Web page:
Editorial: Commission would drive transit discussion


Go with the flow: St. Croix County Board soon will consider a proposal to create a transit commission. The goal is to make it easier to tap state and federal funding for local projects, thereby reducing the burden of any public transit on county taxpayers.

We also see a benefit in broadening the community discussion about transit, which having a commission instead of a subcommittee would bring.

Some people adamantly reject spending any county dollars on transit. They argue transit growth should come out of the private sector.

While wanting to reduce taxpayer burden is admirable, the reality is that transit needs are growing and government will have to play some role for successful implementation. Government should do those necessary and worthwhile things that people can't on their own. Transportation — roads, bridges, mass transit and more — is one of them.

The vote could come as early as Feb. 8. We will look forward to the debate.

Making waves: Republicans in Madison still must be feeling a little stunned after Patty Schachtner won the Senate District 10 special election, reclaiming the seat for Democrats after 17 years. The official results put her victory at 10 percentage points over Rep. Adam Jarchow: 54.6 percent to 44.16 percent. She was the voters' overwhelming choice in Pierce and St. Croix counties.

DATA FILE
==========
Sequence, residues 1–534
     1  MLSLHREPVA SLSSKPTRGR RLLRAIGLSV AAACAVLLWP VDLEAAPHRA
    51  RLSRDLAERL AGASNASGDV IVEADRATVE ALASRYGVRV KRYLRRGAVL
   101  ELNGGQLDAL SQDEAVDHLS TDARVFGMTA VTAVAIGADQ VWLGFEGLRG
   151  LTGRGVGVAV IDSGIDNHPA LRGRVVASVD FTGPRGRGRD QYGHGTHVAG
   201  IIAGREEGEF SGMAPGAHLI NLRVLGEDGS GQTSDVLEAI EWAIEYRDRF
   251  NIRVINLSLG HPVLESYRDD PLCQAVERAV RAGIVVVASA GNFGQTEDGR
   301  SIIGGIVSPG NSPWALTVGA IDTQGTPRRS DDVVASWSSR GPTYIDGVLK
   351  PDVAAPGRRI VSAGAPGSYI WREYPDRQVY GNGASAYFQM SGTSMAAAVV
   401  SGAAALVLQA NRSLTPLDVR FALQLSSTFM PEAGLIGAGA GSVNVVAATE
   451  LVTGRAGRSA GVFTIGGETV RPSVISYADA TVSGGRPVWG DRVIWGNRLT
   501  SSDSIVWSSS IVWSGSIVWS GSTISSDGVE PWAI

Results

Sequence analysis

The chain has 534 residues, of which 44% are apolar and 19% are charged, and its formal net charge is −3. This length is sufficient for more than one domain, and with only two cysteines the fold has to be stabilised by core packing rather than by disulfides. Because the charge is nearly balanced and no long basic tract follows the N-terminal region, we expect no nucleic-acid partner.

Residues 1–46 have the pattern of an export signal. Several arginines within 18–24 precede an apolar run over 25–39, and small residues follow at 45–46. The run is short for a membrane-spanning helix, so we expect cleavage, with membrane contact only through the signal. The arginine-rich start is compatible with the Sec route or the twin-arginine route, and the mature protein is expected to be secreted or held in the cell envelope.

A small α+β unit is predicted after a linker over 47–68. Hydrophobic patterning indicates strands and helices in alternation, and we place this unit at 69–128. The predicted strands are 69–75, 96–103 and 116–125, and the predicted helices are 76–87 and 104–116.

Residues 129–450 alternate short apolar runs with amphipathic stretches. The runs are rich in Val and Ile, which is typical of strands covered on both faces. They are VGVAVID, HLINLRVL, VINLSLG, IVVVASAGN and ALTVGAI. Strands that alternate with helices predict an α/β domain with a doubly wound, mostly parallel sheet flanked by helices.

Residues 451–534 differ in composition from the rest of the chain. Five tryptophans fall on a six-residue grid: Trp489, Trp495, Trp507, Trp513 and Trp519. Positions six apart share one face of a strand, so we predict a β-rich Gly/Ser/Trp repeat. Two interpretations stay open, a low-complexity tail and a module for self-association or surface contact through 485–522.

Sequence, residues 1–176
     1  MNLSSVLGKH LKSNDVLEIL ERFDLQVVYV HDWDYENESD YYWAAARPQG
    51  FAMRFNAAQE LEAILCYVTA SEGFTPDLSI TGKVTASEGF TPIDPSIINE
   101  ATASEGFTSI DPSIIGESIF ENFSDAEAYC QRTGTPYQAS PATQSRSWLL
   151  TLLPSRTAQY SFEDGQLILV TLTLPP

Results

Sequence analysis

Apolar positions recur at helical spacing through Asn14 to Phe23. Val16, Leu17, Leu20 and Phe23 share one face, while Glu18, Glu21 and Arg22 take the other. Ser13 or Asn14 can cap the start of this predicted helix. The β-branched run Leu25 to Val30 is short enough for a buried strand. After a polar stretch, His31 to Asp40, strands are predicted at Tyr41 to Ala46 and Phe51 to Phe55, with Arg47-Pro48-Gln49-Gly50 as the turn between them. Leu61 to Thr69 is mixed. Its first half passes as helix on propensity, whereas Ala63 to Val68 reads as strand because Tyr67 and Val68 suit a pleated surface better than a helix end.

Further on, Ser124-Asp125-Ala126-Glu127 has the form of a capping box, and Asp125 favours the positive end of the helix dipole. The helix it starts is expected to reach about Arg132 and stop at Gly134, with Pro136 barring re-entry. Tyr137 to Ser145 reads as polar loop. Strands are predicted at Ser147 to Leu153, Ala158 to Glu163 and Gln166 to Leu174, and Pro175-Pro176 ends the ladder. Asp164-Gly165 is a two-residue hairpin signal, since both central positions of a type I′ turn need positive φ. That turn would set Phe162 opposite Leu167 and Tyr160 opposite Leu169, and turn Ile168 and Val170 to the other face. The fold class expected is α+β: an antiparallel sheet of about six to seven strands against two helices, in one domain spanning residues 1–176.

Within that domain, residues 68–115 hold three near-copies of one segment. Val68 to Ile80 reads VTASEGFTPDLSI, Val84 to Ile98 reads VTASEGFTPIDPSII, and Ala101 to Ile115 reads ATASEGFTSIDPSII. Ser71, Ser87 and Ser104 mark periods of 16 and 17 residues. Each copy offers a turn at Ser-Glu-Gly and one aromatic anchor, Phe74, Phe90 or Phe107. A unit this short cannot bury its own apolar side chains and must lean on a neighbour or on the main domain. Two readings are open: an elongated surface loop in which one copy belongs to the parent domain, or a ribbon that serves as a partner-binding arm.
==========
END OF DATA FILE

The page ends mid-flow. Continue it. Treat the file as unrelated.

Sheila Harsdorf relinquished the seat to become Wisconsin's secretary of agriculture.

Gov. Scott Walker certainly got a message. That night he posted: "WAKE UP CALL: Can't presume that voters know we are getting positive things done in Wisconsin. Help us share the good news."

Democrats clearly hope that sharing the news of their victory in a right-leaning district will mean more gains in the Senate and Assembly come fall and even the governor's seat.

Positive flow: The University of Wisconsin-River Falls' service dog training project is the first of its kind in the University of Wisconsin System and could become a banner program. Housed within the College of Agriculture, Food and Environmental Sciences, the program is a nifty collaboration with the nonprofit Pawsitive Perspectives Assistance Dogs. Together, PawPADs and select students are training dogs for people with physical disabilities — from diabetes to autism — whose lives are about to improve in ways these young people likely will never see.

And the acronym of the UWRF Assistance Dog Education Program and Training program? ADEPT. How perfect is that.